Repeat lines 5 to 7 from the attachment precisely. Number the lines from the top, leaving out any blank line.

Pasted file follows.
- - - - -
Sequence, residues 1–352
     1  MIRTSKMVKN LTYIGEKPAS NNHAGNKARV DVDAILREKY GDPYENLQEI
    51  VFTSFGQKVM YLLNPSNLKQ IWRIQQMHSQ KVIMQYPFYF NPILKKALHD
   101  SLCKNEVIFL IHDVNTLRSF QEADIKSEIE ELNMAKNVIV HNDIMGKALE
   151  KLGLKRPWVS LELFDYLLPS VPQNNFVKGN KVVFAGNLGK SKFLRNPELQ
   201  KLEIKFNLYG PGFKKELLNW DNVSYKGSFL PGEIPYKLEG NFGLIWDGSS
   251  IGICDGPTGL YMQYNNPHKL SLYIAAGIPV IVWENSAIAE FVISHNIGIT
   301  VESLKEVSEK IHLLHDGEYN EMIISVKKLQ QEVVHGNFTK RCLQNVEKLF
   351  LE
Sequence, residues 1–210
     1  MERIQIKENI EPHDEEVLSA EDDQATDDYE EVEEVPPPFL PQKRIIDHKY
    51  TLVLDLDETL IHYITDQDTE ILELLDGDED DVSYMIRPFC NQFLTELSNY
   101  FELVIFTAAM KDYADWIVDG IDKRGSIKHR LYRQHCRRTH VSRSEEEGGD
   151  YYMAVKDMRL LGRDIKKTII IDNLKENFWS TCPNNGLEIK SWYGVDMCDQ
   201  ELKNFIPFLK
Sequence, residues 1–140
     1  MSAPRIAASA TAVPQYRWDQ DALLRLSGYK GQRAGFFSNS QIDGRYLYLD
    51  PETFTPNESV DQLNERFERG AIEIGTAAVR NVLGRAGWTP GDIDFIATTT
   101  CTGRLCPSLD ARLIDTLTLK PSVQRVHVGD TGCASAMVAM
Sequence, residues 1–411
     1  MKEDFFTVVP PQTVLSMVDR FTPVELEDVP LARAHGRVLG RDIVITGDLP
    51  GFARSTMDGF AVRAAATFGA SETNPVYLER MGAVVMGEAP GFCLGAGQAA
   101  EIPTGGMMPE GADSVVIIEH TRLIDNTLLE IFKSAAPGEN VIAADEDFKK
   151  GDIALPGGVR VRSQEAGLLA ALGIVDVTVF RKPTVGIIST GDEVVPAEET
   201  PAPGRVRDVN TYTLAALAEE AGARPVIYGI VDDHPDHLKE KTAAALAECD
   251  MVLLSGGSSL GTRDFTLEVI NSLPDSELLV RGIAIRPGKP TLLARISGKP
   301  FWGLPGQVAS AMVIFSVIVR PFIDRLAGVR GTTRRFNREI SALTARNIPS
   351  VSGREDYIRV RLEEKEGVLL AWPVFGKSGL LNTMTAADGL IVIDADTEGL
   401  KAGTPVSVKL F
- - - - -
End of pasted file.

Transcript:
   151  KLGLKRPWVS LELFDYLLPS VPQNNFVKGN KVVFAGNLGK SKFLRNPELQ
   201  KLEIKFNLYG PGFKKELLNW DNVSYKGSFL PGEIPYKLEG NFGLIWDGSS
   251  IGICDGPTGL YMQYNNPHKL SLYIAAGIPV IVWENSAIAE FVISHNIGIT